Makueni County Assembly Speaker Douglas Mbilu (left) with Governor Kivutha Kibwana at a past event
Makueni County Assembly Speaker Douglas Mbilu (left) with Governor Kivutha Kibwana at a past event

Makueni has the happiest, most optimistic residents out of Kenya’s 47 counties, according to a new survey by Infotrak. The CountyTrak Index explores aspects of devolution and governance, seeking to understand Kenyans’ perceptions towards their leaders.

Other than ranking counties based on happiness and optimism, it also ranked Senators, Governors and Members of the County Assembly (MCAs) based on approval ratings. Tellingly, Makueni county emerged top in several categories.

The Speaker Douglas Mbilu-led Makueni County Assembly was rated as the best performing assembly in the country.

Makueni County Assembly Speaker Douglas Mbilu leads a past sitting

Makueni Senator Mutula Kilonzo Jr, who is also the Senate Minority Whip, was ranked as the best-performing Senator.

Makueni Governor Kivutha Kibwana had the third highest approval rating of the 47 county chiefs, falling only behind Kakamega’s Wycliffe Oparanya and Kwale’s Salim Mvurya.

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As evidenced by data from the CountyTrak Index of 2015, however, the situation in Makueni was vastly different only a few years ago.

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Turn-Around

Much of the credit for the turn-around goes to Kibwana and the Makueni County Assembly, which in 2015 had the worst approval rating in the country according to the CountyTrak Index.

Unlike many counties whose leaders are constantly in the headlines for wrangles which threaten meaningful development, cooperation has been the hallmark of Makueni particularly in Kibwana’s second term.

The Governor spent much of his first term tussling with MCAs for allegedly sabotaging the county government and its projects, as he accused them of extortion and corruption. Voters seemed to agree with him and, in the polls of 2017, a vast majority of incumbent MCAs in the county were sent home.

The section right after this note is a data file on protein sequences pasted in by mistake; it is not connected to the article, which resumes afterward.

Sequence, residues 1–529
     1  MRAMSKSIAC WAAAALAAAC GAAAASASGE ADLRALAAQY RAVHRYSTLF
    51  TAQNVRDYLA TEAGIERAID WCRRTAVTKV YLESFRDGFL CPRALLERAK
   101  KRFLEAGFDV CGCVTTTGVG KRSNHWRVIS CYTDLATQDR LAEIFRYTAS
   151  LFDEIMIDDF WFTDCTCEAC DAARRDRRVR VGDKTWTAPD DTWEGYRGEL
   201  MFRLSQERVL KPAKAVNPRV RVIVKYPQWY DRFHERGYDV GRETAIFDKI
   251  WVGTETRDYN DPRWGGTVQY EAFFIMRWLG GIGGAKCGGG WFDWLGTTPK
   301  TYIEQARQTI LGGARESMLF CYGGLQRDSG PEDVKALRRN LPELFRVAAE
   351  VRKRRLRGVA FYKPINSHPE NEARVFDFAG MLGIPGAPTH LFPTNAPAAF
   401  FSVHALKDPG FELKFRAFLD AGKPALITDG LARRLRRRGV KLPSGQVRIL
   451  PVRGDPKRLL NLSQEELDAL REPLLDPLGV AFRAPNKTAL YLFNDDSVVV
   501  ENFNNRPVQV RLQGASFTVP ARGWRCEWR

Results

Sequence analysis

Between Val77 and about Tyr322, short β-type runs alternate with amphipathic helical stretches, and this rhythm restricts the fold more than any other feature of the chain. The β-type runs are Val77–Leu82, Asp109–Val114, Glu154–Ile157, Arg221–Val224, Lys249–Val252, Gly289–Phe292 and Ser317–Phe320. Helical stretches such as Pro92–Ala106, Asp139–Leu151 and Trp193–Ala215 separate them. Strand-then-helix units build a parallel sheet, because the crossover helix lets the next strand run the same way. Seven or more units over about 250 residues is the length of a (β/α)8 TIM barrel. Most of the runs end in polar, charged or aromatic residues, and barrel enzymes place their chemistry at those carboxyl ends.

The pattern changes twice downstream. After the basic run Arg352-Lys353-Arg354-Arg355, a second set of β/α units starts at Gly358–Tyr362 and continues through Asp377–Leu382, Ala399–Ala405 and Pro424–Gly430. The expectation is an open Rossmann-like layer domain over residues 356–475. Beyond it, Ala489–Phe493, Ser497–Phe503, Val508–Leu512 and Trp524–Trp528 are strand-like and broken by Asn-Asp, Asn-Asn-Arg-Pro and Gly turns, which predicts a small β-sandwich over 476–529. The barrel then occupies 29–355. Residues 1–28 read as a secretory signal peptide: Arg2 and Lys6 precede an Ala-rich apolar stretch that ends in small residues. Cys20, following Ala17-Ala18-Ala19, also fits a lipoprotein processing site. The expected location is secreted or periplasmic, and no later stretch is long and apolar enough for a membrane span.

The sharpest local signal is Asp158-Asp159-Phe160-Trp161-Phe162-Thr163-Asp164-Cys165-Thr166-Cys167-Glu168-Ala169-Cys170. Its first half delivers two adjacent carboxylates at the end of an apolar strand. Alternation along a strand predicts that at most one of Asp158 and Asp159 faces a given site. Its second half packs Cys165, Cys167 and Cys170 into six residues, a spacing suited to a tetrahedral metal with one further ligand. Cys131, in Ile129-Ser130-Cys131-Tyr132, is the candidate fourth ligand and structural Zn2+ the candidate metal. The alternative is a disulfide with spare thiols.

The new regime in the assembly, led by Speaker Mbilu, managed to strike a balance between playing the assembly’s oversight role and working harmoniously with the executive.

The assembly’s roles, which include approval of county budgets, borrowing and county development planning, are essential for the execution of projects in the devolved unit.

The assembly has in recent months earned plaudits for various moves; such as the passing of a motion urging the Commission of University Education (CUE) to establish a public university in Makueni to be named Makueni University. 

It has also intervened in issues affecting residents, such as the non-payment of cleaners in markets, hospitals, and other facilities for more than 3 months in August and the disruption of water supply to Emali and Mulula areas in October.

In August, the Assembly also passed a law seeking to entrench transparency in devolved public procurement. Contractors will be required to put up signage with key information including  scope of works to be undertaken, name of contractor’s and subcontractors, contract period and the total contract sum.

Members of the assembly have, however, also faced criticism from a section of residents for awarding themselves hefty sitting allowances.

The Kibwana-led executive, on the other hand, has been behind projects such as the Wote Green Park, a Cancer Unit at the Machakos Referral Hospital, an online portal to track county projects, a milk processing plant and an enhanced fruit processing plant.

Makueni Governor Kivutha Kibwana (centre) adressing a past press briefing

The fruit processing plant, for example, began pulping tomatoes for the first time in October, in a bid to ensure farmers continue earning even when the county’s famed mangoes are out of season.

It therefore comes as no surprise that Infotrak also ranked Makueni as the county with the best condition of life.

“Generally, the people of Makueni are currently more satisfied with their condition of life than residents of most other counties.

“The initiatives by the government to provide better food security, social security, health and public participation have yielded fruit and made the residents relatively more satisfied with their lives than they previously were,” Infotrak noted.

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About the Author

Martin Siele is a senior reporter at Business Today.

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